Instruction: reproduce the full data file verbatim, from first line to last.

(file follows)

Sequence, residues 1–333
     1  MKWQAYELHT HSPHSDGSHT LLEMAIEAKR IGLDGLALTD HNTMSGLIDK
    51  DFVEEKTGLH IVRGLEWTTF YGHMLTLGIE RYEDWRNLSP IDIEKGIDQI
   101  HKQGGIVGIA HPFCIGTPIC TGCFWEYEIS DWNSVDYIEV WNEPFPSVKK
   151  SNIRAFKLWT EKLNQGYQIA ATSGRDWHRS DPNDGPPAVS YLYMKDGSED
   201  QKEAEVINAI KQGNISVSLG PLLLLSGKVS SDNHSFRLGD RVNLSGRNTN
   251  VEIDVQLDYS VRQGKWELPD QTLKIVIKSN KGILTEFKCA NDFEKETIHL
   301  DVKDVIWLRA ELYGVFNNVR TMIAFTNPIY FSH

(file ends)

Sequence, residues 1–333
     1  MKWQAYELHT HSPHSDGSHT LLEMAIEAKR IGLDGLALTD HNTMSGLIDK
    51  DFVEEKTGLH IVRGLEWTTF YGHMLTLGIE RYEDWRNLSP IDIEKGIDQI
   101  HKQGGIVGIA HPFCIGTPIC TGCFWEYEIS DWNSVDYIEV WNEPFPSVKK
   151  SNIRAFKLWT EKLNQGYQIA ATSGRDWHRS DPNDGPPAVS YLYMKDGSED
   201  QKEAEVINAI KQGNISVSLG PLLLLSGKVS SDNHSFRLGD RVNLSGRNTN
   251  VEIDVQLDYS VRQGKWELPD QTLKIVIKSN KGILTEFKCA NDFEKETIHL
   301  DVKDVIWLRA ELYGVFNNVR TMIAFTNPIY FSH